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Turf war
The first stumbling block for booting from the SAN is not technical, but political. Larger IT organizations are creating storage administration groups that are responsible for the provisioning, securing and protection of application storage. However, the system administrator assigned to the business unit that owns the application server usually administers the operating system disk locally and independently of the storage group.

From the system administrator's point of view, the boot disks are the brains of the computer, and they don't want some fallible network between the physical server and its brains. This concern was both real and valid in light of the initial complexity of SANs. However, times have changed. Fibre Channel (FC)-based SANs are much more stable than they have been in the past. Interoperability between hardware and software offerings has increased, drivers are stabilizing and there are more quality gigabit interface converters (GBICs) and HBAs available on the market today. All of this lends itself to a more quality connection between a server and its boot disks on the SAN. And while there have been some isolated successes when booting from an IP SAN, FC's head start is obvious in this solution space.

What I'm hearing from the storage administrators in the field is that from a management point of view, it only makes sense to boot their servers from the SAN.

"Imagine managing a retail Web

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site with hundreds of Dell Red Hat Linux servers," said one storage administrator who used to be a system administrator. "Then imagine having to deploy two hundred more just to handle the holiday load. We need this kind of change to happen with quality and as quickly and cost effectively as possible. And the best way to do this is by managing boot disks on the SAN." Ultimately, booting from the SAN is system cloning at its best.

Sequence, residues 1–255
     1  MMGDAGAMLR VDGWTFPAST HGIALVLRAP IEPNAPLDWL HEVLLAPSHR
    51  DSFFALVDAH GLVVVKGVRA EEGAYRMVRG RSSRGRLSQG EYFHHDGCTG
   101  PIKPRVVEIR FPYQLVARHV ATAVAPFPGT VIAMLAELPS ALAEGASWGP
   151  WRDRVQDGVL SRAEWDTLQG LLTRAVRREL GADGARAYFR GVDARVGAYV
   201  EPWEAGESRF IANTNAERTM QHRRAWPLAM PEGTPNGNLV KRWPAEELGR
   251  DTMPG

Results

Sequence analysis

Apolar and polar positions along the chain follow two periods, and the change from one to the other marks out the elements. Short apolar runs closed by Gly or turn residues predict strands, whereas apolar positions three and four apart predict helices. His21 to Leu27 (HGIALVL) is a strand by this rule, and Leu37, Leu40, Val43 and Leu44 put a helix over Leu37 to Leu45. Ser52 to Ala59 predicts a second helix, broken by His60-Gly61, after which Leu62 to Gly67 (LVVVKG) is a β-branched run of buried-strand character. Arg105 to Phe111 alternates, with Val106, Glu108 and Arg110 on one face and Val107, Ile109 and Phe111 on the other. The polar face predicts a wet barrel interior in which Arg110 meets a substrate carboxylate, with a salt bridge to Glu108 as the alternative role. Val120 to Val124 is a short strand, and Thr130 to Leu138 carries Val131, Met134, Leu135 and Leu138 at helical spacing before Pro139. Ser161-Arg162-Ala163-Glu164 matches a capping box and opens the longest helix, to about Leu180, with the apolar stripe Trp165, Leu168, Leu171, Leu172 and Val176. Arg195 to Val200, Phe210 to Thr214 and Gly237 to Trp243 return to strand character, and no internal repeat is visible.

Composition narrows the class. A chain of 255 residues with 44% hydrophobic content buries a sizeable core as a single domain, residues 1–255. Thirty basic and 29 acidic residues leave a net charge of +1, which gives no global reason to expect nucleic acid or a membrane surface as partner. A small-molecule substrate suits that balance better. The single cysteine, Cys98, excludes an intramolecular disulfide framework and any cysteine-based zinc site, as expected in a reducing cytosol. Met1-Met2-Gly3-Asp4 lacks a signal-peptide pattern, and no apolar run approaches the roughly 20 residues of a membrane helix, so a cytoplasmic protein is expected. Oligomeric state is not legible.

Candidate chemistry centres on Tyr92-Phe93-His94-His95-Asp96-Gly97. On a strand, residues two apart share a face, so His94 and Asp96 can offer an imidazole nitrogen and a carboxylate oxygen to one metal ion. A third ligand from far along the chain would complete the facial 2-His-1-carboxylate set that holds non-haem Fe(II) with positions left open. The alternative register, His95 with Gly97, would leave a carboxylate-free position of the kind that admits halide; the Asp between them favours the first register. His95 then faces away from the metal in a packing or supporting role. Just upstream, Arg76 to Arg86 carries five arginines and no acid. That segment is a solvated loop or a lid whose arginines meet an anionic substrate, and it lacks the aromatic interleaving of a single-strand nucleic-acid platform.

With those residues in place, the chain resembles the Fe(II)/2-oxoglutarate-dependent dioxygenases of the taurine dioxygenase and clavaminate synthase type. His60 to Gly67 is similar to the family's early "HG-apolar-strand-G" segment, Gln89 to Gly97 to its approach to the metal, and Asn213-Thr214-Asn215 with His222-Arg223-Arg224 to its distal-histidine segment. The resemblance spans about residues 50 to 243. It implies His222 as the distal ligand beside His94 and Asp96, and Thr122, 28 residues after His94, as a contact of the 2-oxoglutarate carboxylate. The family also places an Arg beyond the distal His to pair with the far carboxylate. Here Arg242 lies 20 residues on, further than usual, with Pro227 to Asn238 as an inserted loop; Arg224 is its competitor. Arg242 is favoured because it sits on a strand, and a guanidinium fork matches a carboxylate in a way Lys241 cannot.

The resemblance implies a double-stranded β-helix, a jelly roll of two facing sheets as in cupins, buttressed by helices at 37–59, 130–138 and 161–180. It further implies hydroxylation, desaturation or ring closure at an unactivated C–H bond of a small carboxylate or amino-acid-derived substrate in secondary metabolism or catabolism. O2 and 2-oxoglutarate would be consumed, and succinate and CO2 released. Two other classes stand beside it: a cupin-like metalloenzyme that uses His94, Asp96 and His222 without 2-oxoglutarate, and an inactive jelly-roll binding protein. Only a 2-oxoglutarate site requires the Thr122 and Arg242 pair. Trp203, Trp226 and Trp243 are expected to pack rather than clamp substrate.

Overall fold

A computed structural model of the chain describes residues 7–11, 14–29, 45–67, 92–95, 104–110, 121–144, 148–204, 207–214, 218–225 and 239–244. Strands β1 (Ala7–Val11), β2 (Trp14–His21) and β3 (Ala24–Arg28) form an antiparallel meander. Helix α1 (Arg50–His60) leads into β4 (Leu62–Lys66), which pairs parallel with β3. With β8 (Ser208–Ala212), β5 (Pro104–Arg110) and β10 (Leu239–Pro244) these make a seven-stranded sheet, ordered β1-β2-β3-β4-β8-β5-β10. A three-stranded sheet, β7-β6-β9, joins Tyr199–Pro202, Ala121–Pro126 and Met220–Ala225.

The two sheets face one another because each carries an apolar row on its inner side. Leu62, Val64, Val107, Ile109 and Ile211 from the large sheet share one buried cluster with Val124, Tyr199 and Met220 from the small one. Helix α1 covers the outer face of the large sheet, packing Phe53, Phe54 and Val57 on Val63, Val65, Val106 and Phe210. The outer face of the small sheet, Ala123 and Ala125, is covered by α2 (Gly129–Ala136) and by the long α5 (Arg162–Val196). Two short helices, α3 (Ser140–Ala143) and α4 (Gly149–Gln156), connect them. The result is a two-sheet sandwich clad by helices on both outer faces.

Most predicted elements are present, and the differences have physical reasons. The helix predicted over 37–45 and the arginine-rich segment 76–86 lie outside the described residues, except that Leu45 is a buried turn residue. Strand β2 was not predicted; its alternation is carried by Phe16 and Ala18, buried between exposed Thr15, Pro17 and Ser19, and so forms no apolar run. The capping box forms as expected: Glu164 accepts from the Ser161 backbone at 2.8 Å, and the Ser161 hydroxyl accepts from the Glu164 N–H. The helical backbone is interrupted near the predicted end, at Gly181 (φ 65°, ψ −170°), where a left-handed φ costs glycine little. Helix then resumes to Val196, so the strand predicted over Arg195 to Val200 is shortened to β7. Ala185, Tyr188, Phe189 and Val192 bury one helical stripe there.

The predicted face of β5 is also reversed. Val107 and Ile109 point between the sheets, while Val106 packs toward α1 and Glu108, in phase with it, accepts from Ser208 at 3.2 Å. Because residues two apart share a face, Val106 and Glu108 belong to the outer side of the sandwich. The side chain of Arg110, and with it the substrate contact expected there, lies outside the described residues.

Lack of standards
One thing is true: If the opportunity to boot from the SAN is proven useful, operational standards must be defined and abided by without exception. And trying to get different system administrators with different preferences and habits to agree on standardization is difficult.

However, I've seen it done with organizations that are serious about doing what is best for the company as a whole and not necessarily driven by individual desires.

One milestone on the path to booting from the SAN is for cooperating groups to agree to have the fewest number of boot images for their production and development servers. If a particular group of application servers need additional modifications above the standard install, then that request can be serviced with a post-execution script after the install has completed. Simplicity should be the goal here. In the end, you want to be able to do as I described above--recover a JumpStart-like server with standard Unix utilities and start snapping off boot disks.

In order to provide the same minimum level of service across business units, standardization from the HBA to the storage port must be guaranteed. This helps to address the system administrators concern about the quality of the connection between the server and its boot disks. That means that the same hardware, driver and firmware revisions supporting the boot disk connections for one group of application servers must be present in all others. If individual system administrators' personal preferences for operating systems, HBAs or other configuration components are allowed, than no real standardization will be possible. On the other hand, standardizing on quality physical connections, stable device drivers and generally agreed upon configurations usually brings goodness to all corners of the organization, including the serving of boot images from the SAN.

This was first published in December 2003

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